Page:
Mike Nolet has stepped down from AppNexus, where he has served as CTO since the company's founding six years ago. He will remain an advisor but vacate his board seat, which will be filled by President Michael Rubenstein.
Nolet is a foundational character in the programmatic story, having helped build the world's first ad exchange when he was product manager of Right Media in 2005.
In an interview, he said his decision was motivated by an entrepreneurial urge and described plans to launch a business (not related to ads) with his wife Stephanie. He said AppNexus is in great standing. "Companies regularly outgrow their founders," he said. "There's nothing worse than that lame duck CTO who doesn't do anything."
Nolet's exit does not come as a surprise. For the better part of this year he has appeared steadily less involved in the day-to-day operations at AppNexus. He moved to London seven months ago, and this summer the company promoted SVP Engineering Igor Shindel to chief information officer. At the time a company rep said Nolet's role was focused on clients and product plans, while Shindel would oversee technology strategy, operations and hiring. But the writing was on the wall.
Nolet spoke with AdExchanger about the next chapter for himself and AppNexus.
What about this moment made it right to move on?
The company is doing fantastically well. I'm excited to step off the field full-time now and move into an advisory role. We just closed our Series D earlier this year, and the company has such a fantastic leadership team. Companies regularly outgrow their founders. There's nothing worse than that lame-duck CTO who doesn't do anything. I love everybody here, truly and deeply.
Did the prospect of an IPO have anything to do with you leaving?
No. Nothing to do with IPO. I went through the Yahoo acquisition at Right Media. It's more wanting to get back to getting my hands dirty. At some point, leading a large organization is not the same skill set as founding a company.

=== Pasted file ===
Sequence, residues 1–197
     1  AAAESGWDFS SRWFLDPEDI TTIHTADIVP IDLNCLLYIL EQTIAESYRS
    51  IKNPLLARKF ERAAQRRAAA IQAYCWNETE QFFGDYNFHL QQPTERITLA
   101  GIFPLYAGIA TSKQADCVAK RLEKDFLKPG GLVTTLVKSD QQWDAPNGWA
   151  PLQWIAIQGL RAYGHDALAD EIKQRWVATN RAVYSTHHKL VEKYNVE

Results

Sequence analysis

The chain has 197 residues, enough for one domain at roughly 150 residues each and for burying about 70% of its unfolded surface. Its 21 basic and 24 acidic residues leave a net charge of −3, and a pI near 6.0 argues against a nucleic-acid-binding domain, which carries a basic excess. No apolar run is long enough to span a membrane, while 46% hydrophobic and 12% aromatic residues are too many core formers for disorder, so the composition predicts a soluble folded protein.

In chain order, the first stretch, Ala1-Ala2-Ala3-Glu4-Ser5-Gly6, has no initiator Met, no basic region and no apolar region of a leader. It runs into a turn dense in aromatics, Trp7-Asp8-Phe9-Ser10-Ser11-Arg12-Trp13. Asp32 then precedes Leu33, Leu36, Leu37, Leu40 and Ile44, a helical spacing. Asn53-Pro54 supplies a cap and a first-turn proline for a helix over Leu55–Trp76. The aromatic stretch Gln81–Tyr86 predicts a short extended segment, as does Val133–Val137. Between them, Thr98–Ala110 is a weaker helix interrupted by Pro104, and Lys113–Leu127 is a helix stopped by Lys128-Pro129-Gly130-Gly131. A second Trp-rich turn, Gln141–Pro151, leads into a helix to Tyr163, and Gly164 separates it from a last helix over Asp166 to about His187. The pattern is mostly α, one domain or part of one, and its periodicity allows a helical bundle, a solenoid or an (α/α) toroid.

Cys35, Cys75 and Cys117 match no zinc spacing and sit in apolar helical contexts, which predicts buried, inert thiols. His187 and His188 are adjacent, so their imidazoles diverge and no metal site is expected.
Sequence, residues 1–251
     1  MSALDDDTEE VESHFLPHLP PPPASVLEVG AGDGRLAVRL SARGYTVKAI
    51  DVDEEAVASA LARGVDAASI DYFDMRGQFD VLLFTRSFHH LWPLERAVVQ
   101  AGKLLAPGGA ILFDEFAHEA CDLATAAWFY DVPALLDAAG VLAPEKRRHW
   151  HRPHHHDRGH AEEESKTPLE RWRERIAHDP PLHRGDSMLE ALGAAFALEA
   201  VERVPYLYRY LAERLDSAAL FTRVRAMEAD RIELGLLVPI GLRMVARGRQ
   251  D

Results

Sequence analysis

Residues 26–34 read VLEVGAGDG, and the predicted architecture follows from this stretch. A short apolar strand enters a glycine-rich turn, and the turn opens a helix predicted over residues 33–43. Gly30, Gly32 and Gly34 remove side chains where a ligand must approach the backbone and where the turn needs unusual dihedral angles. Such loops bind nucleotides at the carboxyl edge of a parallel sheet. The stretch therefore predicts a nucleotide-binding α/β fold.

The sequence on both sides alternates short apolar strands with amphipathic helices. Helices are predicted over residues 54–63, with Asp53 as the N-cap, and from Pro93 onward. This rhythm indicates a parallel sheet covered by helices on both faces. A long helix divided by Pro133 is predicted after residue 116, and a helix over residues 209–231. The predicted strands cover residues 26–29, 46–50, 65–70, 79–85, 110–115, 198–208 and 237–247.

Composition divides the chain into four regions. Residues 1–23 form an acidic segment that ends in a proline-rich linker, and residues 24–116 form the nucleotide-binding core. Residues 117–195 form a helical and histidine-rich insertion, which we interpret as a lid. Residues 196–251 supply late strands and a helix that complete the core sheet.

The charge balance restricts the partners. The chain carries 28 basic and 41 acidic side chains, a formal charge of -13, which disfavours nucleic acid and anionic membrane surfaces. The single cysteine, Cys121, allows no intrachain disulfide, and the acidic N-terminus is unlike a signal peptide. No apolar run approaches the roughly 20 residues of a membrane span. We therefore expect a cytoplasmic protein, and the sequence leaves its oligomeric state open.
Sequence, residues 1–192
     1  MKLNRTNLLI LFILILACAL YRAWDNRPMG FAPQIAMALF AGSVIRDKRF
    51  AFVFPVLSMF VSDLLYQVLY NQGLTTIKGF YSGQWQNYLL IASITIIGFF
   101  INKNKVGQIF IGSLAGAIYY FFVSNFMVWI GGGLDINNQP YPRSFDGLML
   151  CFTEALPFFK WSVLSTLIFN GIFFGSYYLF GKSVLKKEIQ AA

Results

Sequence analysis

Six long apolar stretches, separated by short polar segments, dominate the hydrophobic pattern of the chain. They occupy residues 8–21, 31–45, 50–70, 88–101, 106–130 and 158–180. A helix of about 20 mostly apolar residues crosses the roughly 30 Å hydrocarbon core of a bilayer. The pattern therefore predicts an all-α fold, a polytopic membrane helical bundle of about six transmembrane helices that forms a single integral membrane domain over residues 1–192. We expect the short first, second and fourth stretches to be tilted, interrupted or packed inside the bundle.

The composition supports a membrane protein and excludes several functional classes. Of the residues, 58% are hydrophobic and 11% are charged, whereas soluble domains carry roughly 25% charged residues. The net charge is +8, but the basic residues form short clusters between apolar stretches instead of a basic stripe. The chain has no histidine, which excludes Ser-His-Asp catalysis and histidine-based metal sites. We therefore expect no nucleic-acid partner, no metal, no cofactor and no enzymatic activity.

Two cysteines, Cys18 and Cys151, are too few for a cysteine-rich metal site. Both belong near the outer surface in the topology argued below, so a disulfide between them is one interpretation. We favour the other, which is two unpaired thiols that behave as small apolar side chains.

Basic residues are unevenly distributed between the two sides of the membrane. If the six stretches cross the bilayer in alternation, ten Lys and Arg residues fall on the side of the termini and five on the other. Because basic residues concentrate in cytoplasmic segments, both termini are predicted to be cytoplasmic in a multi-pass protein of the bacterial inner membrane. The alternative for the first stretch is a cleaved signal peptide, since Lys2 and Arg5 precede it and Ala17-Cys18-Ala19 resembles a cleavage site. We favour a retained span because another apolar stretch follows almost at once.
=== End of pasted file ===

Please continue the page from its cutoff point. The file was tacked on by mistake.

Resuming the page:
I want to move full-time into other stuff.
What can you say about what you plan to build with your wife?
I don't really know yet. One thing I learned at AppNexus is what you really want to focus on is not a specific idea. Startups are not successful based on an idea. They're successful based on their ability to understand space, understand a problem set and build against that. It's an iterative process.
We're going to go understand a space and understand problems, and build something for it. And hopefully we're successful.
But not in advertising?
Not in advertising, no.
How does AppNexus meet the social and mobile challenges?
Mobile is a key challenge for us this year, and our goal is to add capabilities, so that everything we do in display we can do in mobile. So many companies are starting from scratch, and if you look at the advertising layer, the mobile technology stack is not that different from the display stack. Yes, there's a different device. Yes, there are challenges with ID matching. But, broadly, mobile is far more similar to display than it is different. That puts AppNexus in a really good spot.
The other good thing, you look at what Facebook has been doing with FBX, it's been great for the industry. And Twitter getting into that game as well is only good for us. The core technology, the core decisioning, the core targeting, most of that is the same – whether it's Twitter, Facebook, mobile or display. Really, it's just display ads across different devices. I think next year people will start talking about display advertising [as a cross-device format], and maybe five years from now we'll laugh at the fact that it was mobile vs. desktop.
Any thoughts on the word "programmatic" and what it stands for? Does it just fade into the background as it comes to define how all media is bought, and how long before that happens?
I've been doing this for nine years. It took that long for programmatic to take over the remnant "Class 2" space. Everyone pretty much expects that Class 2 is going programmatic. It's almost certain that the premium-direct sold inventory will go through more automation. I think it'll go faster but I still think it'll take a long time. I wouldn't be surprised if it takes five years before we start saying that everything is programmatic. It takes a lot of time and a lot of companies to change a lot of business process to adopt new technologies.
Do you aspire to keep a hand in ad tech from an investment standpoint – whether that's angel investing or sitting on boards?
I have a lot of people that I care a lot about in the ad-tech industry. I've had informal advisory relationships for my entire career, and absolutely these are people I'm going to keep hanging out with and working with. And, broadly, I just love startups and entrepreneurs.
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